Take Control Of Powdery Mildew

What is It?

One thing that you can count on in the early summer in Texas is humidity and powdery mildew.  They seem to come as a team.  We are going to find out how to take some really important steps to avoid powdery mildew.

Powdery Mildew is a fungus that overwinters on leaves.  It is spread by the wind, splashing of rain on plants and insects and is very active during times of high humidity  There are many different kinds of spores that affect various plants. Powdery mildew is host specific.   The powdery mildew that affects your squash is not the same that affects your phlox.

Powdery mildew looks like white or grey concentric circles on the leaves of plants. The circles may turn black and the leaves may turn yellow and die.  The fruit may fail to form or fall off of the plant.

Powdery mildew usually takes about 7-10 days to complete the life cycle.  If you must spray a fungicide it is recommended that you spray it every 7 days to deep ahead of the spores from reproduction.


There are a lot of ways that you can keep from getting powdery mildew.  If you take all of the precautions you should be safe.  But if the wind blows some spores your way, we will go over organic solutions in the next section.

Plant Resistant Varieties – Who would have thought that mother nature could have made it so easy.  When you are looking at the gardening sites there are codes to tell you what varieties are resistant to what diseases.  PM is usually the       code for powdery mildew.

Plant In Full Sun– Stay out of the shade.  The shady environments are more humid and conducive to powdery mildew.

Air Circulation – Good air circulation is key to keeping powdery mildew at bay.  So make sure to give your plants plenty of room and don’t crowd them.

Wash Off Plants – Simply washing off your plants will help to wash off the spores.   Once your plants have powdery mildew, it is important to wash the spores off before you spray on a fungicide.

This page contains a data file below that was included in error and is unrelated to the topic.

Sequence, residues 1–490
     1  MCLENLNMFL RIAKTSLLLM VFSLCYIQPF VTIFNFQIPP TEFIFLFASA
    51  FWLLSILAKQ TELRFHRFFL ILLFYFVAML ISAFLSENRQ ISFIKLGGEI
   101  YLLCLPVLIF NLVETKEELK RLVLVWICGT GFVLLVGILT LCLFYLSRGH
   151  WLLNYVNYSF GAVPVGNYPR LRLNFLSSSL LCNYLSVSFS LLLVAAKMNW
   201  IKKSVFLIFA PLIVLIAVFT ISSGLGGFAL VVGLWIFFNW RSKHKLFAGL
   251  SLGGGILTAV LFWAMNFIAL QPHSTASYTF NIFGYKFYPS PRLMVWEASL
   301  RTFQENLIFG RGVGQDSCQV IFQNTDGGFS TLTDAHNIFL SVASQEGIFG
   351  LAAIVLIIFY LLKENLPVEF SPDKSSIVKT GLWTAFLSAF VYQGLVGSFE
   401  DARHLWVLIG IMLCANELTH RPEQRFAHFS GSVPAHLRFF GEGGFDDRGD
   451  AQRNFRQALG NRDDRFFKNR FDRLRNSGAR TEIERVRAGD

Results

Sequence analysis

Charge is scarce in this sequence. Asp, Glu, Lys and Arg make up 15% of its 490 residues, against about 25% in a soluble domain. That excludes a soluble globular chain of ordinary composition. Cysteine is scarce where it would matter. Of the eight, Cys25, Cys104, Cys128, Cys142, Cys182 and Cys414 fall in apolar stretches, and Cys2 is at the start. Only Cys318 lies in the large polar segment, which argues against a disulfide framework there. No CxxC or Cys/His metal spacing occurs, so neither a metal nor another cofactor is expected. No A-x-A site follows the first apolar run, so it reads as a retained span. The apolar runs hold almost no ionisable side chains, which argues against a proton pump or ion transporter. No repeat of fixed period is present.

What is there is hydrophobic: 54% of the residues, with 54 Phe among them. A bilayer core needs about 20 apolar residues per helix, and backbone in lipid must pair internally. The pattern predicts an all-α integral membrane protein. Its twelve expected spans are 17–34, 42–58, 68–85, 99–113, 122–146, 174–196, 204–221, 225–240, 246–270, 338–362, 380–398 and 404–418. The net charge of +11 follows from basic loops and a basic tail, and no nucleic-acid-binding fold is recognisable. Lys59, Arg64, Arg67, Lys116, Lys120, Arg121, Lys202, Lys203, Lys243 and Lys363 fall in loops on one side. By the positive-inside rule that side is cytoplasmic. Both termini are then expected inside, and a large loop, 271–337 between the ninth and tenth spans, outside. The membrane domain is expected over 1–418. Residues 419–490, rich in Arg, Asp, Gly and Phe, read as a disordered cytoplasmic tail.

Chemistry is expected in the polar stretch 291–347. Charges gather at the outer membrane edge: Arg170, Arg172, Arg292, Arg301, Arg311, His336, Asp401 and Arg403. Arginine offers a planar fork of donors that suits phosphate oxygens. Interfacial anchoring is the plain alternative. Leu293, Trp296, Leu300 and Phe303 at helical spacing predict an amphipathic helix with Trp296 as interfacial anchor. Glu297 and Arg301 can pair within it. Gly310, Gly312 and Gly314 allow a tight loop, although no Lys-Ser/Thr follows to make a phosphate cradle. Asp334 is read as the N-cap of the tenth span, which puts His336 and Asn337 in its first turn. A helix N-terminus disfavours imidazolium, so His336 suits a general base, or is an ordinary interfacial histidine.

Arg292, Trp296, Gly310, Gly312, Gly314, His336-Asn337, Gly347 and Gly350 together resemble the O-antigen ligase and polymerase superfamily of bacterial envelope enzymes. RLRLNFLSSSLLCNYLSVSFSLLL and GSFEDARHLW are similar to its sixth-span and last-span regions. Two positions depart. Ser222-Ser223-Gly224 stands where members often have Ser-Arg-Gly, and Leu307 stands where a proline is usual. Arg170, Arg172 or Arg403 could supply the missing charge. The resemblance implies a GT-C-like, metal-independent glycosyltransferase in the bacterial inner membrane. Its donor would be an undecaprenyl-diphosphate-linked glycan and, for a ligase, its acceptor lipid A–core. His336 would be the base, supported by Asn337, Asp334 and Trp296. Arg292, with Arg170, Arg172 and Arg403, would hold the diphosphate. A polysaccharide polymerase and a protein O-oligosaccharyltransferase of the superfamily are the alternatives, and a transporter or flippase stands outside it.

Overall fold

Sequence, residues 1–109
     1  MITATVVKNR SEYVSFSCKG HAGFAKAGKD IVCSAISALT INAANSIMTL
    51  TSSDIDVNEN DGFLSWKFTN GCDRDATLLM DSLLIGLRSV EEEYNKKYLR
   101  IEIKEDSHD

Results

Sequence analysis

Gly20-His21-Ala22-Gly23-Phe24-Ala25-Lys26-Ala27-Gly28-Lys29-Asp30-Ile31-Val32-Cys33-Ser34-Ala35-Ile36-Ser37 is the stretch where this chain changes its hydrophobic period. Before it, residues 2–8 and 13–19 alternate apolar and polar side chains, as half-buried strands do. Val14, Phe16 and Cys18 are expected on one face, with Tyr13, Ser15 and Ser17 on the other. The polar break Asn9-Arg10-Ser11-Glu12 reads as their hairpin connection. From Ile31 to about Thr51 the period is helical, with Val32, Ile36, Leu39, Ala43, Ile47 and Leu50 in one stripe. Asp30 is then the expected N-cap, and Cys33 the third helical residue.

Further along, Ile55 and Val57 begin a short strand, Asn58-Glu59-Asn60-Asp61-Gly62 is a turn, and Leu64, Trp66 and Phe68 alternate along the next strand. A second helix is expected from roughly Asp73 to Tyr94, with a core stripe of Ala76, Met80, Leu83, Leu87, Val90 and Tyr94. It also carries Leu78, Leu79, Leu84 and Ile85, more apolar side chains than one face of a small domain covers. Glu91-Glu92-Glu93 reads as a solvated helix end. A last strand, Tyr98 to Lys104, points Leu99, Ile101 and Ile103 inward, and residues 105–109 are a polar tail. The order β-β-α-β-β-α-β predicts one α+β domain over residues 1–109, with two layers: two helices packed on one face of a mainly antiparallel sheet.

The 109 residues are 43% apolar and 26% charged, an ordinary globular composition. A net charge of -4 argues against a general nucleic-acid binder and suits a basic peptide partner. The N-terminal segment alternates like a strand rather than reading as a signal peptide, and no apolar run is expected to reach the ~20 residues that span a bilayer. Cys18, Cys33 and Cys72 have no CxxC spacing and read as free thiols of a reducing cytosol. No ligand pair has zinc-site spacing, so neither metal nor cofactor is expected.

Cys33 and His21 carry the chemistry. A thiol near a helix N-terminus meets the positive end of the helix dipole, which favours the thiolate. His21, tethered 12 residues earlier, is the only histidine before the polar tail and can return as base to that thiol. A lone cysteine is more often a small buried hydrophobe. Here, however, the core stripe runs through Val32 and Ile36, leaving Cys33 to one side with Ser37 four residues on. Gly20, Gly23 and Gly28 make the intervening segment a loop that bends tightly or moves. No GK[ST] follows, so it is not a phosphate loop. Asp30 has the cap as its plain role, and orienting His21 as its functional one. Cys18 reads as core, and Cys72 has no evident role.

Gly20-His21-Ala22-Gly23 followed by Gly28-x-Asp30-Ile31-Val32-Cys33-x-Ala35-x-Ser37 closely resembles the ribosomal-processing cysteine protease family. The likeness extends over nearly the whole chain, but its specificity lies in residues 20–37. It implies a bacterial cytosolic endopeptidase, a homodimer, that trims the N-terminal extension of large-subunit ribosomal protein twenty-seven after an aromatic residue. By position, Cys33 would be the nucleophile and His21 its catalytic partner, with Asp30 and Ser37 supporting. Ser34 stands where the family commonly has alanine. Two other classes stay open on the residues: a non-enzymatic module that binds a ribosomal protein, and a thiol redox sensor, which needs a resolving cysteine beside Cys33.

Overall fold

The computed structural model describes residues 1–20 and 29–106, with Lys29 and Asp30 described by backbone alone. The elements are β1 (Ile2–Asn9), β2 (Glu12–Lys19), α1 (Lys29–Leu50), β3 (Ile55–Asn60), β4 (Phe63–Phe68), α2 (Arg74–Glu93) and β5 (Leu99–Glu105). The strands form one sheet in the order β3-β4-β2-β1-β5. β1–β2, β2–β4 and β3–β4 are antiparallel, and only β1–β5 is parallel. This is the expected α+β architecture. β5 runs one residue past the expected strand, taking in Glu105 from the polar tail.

Water In The Morning – watering in the afternoon and evening creating a damp humid environment.  Powdery mildew thrives in moist conditions.

Use Organic Fertilizers Conventional fertilizers have a high nitrogen rate compared to the slow release of organic fertilizers. High nitrogen causes fast young growth where PM thrives.

Rotate Crops – Make sure you don’t plant your crops in the same area of the garden or there may still be spores in the soil.  Crop rotation is good on so many levels.

Clean Plant Debris – At the end of the season clean up plant debris and leaves and compost them or spores will form and you may be breeding a monster.  It is important that you throw away infected plants with powdery mildew and do not compost them.

Disinfect Tools – Make sure that you don’t spread disease.  You should be careful to disinfect your tools with one part bleach to four parts water.  Make sure when you are using a tool to trim off infected leaves that you disinfect between each plant.

Cultural Methods

If you have powdery mildew there are some methods that you need to take to help get rid of it quickly.  The key to success is early detection and fast treatment.  If powdery mildew gets into advanced stages you might as well just pull out the plant and save yourself some money.  So if you have it act fast NOW!

Start by pruning off severely infected leaves and disposing of them in the trash. Next wash off the leaves with plain old water. You are just washing the spores off of the plant  A good dose of compost tea will help strengthen the plant and it have a natural fungicide action. If you want to add some garlic in there the last day of brewing, that will help as garlic has a natural fungicide as well.  You want to make sure that you are applying a fungicide every 7 days until the problem is gone.  If it rains, reapply. be careful with copper not to exceed the listed dose as it will build up in the soil.